Sramana: What level of growth were you able to sustain? We know 2001 was an unusually bad time. When did growth start to happen?
Chris Koopmans: We saw a lot of growth in 2001 because we had had none the year prior. It was bad for markets, but it was an up year for us. Those first several years were growing years for us. Some years we had 20% growth and other years we had 50%. Our growth followed our customers. We found that 2009 was bad for our customers, so it was slowed for us. Overall our growth was steady up and to the right.
Sramana: What were you selling as you went along? You were selling to a specific market in the early part of the 2000s. The rich mobile Internet came about in the second half of the decade. How did your product roadmap change?
Chris Koopmans: At the beginning a lot of our customers wanted to enable their clients to use the mobile Internet. It was not uncommon to go to a website like CNN or Yahoo and find that it would take up to four minutes to download on a mobile device. It does not take a genius to recognize that was not successful. We found that in 2005, people really started committing to make the experience better for mobile users.
Around 2006 and 2007, between the advent of 3.5G networks and the introduction of the iPhone, we saw an uptick in traffic. On the laptop side of that equation it was purely bandwidth that enabled people to use the mobile Internet. On the smartphone side there were a lot of people using mobile Internet on their handset but they were still using WAP. When the iPhone and Android phones came out, we found handsets that were challenging the amount of data a network could provide.
In the latter half of the decade we saw carriers start looking for fair usage caps. They were looking for ways to get people to use the Internet, but at the same time they were looking for ways to reduce the amount of data that goes over the Internet. The big question today is how to create tiered levels of service instead of trying to throw everyone in the same bucket. Carriers want to tailor the user experience.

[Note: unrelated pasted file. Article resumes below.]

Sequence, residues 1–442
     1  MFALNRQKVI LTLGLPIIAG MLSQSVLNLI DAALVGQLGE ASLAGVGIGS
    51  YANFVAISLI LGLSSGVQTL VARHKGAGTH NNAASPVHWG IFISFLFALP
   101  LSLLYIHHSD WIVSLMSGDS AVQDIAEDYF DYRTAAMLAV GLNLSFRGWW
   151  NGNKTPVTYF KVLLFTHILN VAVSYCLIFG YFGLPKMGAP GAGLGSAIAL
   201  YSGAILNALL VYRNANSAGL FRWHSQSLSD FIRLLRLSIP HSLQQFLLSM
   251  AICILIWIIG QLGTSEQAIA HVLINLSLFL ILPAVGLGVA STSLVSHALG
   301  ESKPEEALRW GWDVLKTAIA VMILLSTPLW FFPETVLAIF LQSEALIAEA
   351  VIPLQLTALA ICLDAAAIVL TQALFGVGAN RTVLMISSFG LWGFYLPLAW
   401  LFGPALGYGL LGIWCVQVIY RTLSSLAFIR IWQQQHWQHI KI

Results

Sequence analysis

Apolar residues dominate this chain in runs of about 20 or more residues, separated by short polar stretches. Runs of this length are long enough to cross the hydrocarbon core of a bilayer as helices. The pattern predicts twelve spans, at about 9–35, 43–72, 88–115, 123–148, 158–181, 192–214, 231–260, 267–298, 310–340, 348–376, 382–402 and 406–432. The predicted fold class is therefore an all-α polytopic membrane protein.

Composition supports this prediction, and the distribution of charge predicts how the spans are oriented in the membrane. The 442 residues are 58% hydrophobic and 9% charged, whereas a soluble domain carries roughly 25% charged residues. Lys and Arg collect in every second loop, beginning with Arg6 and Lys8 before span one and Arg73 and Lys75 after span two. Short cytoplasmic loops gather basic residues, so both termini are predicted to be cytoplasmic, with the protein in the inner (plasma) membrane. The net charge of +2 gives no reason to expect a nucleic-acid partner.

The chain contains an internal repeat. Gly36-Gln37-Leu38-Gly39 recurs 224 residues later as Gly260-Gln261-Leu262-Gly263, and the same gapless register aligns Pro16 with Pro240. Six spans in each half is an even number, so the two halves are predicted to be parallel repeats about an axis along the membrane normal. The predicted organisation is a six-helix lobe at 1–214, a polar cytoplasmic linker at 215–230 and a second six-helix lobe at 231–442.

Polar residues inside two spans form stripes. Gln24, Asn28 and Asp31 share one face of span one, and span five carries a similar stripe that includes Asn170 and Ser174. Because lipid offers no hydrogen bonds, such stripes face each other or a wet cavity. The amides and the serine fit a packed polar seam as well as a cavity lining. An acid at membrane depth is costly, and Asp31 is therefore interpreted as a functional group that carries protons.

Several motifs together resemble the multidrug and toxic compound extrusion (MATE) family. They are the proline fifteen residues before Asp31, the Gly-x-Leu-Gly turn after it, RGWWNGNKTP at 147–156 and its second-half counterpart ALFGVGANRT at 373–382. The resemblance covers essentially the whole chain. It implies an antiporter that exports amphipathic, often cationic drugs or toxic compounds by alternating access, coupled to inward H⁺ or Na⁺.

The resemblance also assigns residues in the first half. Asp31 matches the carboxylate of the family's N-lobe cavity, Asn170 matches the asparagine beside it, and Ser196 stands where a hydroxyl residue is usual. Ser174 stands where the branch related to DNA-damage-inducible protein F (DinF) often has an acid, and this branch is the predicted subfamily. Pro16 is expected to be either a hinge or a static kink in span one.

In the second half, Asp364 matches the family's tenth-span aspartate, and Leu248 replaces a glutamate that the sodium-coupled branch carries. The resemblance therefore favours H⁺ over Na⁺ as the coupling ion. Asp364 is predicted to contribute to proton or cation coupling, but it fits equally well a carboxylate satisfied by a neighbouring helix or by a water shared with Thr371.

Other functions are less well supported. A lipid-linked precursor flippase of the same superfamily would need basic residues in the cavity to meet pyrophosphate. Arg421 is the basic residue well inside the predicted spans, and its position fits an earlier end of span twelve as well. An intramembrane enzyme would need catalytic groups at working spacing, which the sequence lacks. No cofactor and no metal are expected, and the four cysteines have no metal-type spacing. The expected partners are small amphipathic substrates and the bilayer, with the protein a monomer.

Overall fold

Sramana: You are telling the story of a company that had a certain vision in its founding days, but the actual vision you started with was a market that took a long time to develop. How do you manage a product roadmap given those circumstances? The market was not ready for your real product for a long time.
Nicholas Stavrakos: It is important to look at what was happening during those times. At the time there was a lot of activity in the industry in smartphones. We had our engineers partnering with engineers from Microsoft and some Korean companies to get our code running on their browsers. All of the key vendors who were trying to make a smartphone were talking to us. There were many smartphones during that time. There are many times the industry felt it had found the true smartphone of the future, only to see adoption dissipate. It was not until the iPhone had been out a while and matured in 2009 that we were able to look back and say that everything we did prior was actually not the product we had envisioned.
During that time, we always believed that the mobile Internet would be a big thing. We also knew that it had not happened yet. We always felt that it was the next product on the horizon. There were many ups and downs with Microsoft, Symbian and others. Our product roadmap took turns with each of those ups and downs. We acquired two companies over that period. In the early days, enterprises were buying cards, and they wanted their Outlook to work over the wireless laptop cards. We acquired a company that did Outlook optimization so that we could sell [our product to] enterprises.
There was a point at which we felt the biggest hurdle to adoption was the size of the screen on a smartphone. You could simply not see the webpage you were loading. We partnered a product to re-render webpages and slice them up so you could see them on a mobile device. We also bought a billing company because we felt that billing was too expensive when done by the byte. We got into the space of doing smart billing by the click. In 2009 we were able to look back and see that all the branches on the tree we had explored were not necessarily [there]. We were able to come back and double down on our original premise. That occurred at the same time that Apple and Google operating systems were getting mainstream adoption.